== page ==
• The Age of Intellect; We have all seen powerful speakers on television. Buy my product, "think, be positive, motivate," and you too can become rich. Dr. Spock knows how to rear children better than anyone on planet earth. It begins with reasoning with Little Johnny, not spanking him. Ah yes, spiritual enlightenment, you can become a Zen expert simply by reading "Zen and the Art of Motorcycle Maintenence." Gone are hard work, sweat, suffering through adversity, and the things that make you successful in life. We now only have to conquer mentally.    
  • The Age of Decadence; Studio 54, drugs, the summer of love, "morality, that is for stuck-up people," and finally, churches accepting gay marriage. If you don't subscribe to the lifestyle of "anything I want to do," you're homophobic, xenophobic, racist, intolerant, and you're despised for your conservatism. And here we are. Our babies are taught that they're not little boys or girls, drugged, and their sex organs are changed. Men are allowed to compete with women in sports because they tell you they're a woman trapped in a man's body. You're to accept it as fact; otherwise, you're intolerant and bigoted. Our cities have homeless encampments in our business districts, and crime is rampant. Police are abused and told to stand down while businesses are burned and looted. Our sports heroes are allowed to get away with anything, including assault and, in some cases, even murder. Then there are the "Pride Parades," where (in some cases) nude men and women dance down the middle of the street performing sex acts in front of thousands of people, including children. Is this really any different than Rome circa (its demise)?
  • The Age of Decline & Collapse;  Our national debt is staggering, with amounts we likely can never pay back. Our national pride is in the cellar because we have no authentic leadership with a spine for morality or decency. Sadly, we are (as a nation) crumbling and decaying from within. It is best said in the following from this website. The writer is referring to societies that have crumbled throughout history.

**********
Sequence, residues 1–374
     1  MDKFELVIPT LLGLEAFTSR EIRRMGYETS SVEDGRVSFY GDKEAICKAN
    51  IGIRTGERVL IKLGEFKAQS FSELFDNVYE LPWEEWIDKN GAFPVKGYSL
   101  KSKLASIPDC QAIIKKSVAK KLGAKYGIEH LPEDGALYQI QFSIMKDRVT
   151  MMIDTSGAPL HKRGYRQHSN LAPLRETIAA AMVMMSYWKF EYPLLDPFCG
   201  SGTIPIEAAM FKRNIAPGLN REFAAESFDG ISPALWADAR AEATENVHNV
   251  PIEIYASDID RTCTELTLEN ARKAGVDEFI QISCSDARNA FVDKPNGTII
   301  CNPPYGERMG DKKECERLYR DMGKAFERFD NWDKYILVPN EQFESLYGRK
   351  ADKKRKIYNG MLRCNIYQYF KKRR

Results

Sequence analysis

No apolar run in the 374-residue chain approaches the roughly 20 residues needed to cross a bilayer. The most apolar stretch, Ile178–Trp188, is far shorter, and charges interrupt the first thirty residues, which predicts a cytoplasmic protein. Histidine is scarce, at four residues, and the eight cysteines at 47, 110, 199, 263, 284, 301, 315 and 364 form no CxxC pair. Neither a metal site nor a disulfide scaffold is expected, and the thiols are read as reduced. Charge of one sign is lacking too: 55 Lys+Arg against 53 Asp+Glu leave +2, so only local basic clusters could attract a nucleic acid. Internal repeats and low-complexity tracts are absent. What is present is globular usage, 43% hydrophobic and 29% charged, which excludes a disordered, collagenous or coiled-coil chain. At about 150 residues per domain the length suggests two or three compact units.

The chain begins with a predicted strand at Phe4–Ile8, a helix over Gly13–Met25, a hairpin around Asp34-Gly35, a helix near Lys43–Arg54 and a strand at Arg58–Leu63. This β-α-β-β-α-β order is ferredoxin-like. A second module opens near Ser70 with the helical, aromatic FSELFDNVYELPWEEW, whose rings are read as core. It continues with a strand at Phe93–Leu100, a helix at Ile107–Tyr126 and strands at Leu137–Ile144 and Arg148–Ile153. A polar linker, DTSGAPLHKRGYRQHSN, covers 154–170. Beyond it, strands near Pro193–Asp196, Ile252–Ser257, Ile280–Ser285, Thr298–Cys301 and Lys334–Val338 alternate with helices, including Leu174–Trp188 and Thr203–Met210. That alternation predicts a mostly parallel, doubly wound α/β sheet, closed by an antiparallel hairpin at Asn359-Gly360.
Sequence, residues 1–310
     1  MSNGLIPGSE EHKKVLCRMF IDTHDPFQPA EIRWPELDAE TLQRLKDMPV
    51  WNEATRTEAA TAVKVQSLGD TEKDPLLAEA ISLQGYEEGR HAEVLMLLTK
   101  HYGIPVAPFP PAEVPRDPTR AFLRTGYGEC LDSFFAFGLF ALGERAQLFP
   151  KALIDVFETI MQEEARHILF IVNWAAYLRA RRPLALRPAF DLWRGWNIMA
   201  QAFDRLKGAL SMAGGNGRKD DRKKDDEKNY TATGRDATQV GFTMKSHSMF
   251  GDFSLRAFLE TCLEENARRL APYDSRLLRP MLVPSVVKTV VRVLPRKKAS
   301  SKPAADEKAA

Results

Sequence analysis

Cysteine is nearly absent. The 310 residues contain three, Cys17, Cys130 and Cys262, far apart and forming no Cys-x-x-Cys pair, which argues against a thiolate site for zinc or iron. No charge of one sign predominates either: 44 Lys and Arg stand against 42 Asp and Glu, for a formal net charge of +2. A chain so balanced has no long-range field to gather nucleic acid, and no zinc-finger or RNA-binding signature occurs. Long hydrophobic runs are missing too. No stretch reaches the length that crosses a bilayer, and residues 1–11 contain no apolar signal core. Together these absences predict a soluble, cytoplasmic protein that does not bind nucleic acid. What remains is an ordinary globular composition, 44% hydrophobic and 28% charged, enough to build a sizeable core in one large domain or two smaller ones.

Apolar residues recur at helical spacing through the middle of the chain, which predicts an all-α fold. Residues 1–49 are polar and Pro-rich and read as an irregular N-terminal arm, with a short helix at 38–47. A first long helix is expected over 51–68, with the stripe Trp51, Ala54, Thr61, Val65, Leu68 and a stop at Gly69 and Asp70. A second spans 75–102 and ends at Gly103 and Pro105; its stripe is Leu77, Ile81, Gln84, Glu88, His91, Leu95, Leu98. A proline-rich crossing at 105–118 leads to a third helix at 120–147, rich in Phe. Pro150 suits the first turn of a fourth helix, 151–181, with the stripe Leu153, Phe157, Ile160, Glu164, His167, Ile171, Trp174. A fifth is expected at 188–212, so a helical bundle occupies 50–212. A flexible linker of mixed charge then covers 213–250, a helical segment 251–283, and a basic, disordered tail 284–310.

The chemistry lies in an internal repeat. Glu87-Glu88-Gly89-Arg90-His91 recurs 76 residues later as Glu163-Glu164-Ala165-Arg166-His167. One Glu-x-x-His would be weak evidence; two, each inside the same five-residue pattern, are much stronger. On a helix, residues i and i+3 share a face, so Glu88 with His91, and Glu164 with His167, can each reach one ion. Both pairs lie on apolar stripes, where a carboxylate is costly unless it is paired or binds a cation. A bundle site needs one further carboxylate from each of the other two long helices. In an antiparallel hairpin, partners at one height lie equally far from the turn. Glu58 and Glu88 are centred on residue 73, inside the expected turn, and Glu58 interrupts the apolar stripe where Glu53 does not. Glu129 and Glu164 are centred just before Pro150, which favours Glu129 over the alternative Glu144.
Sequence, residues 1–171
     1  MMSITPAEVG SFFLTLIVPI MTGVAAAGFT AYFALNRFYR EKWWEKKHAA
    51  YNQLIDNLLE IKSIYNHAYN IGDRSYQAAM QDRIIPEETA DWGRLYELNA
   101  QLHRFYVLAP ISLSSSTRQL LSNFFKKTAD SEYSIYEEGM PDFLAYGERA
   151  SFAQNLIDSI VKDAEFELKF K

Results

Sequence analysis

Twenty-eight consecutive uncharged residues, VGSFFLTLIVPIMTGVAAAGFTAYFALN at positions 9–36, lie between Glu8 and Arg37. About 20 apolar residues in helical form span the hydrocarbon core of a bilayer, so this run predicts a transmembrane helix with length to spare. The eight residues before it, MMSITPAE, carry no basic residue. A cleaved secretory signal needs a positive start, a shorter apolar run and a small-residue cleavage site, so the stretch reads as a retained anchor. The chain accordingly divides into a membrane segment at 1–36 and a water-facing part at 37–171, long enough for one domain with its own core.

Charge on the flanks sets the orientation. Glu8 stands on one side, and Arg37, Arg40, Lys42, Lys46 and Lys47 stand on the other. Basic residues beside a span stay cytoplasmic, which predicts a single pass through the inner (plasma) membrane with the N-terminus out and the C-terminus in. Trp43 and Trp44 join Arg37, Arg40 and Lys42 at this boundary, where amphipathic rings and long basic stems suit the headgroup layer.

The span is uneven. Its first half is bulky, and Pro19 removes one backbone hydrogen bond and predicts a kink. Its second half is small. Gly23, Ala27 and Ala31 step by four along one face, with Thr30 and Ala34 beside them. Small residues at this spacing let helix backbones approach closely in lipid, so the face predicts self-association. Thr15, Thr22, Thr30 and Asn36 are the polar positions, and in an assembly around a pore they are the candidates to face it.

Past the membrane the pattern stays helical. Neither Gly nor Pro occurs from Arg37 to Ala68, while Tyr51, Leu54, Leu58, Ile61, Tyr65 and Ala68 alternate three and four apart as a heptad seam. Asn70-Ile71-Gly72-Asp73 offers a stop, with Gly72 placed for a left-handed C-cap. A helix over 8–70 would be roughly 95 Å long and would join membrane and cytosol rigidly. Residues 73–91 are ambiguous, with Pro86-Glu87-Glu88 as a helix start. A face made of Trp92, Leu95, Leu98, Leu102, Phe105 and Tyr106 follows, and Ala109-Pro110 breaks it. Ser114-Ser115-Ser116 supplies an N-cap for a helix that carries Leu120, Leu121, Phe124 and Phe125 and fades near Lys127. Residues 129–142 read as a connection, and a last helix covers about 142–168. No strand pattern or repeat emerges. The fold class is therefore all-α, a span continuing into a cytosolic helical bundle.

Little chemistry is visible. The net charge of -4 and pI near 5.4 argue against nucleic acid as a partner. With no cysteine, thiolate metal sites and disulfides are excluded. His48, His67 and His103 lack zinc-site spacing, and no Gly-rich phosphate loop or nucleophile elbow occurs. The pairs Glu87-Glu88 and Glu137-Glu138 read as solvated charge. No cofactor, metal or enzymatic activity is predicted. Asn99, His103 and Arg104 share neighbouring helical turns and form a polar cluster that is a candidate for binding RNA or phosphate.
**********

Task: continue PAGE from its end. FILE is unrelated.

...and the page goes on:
The Age of Decadence had a number of consistent hallmarks: the decadence led to an influx of foreigners who tended to work harder but also gravitated to areas with more safety nets. The natural citizens tended to be more liberal, having been granted the wealth rather than having earned it, and thus did not work hard nor advance intellectually. Also universally true was a national sense of pessimism that comes with having no remaining goal. The struggle to survive in the Age of Pioneers was replaced by the struggle to expand, which was itself then replaced by the struggle to entrench wealth. With wealth solidified, the struggle became one of a more meta nature: the struggle to self-actualize, which tended to be an intellectual endeavor. But with all those struggles out of the way, the people are indolent. With decadence achieved, who needs to strive for anything?

You've seen this before, but it is extremely applicable. This is so very true, and we are experiencing it today across our land. 

Will we survive as a nation and once again be the "greatest nation on earth?" For us to turn this ship around, we need strong, moral, and exemplary leadership at the helm. We need powerful leaders who are not afraid of hearing sniping and a cruel press. We need more Patton's and fewer philosophers from Harvard and Yale. And lastly, we need God to return to the town square. 

By Ken Crow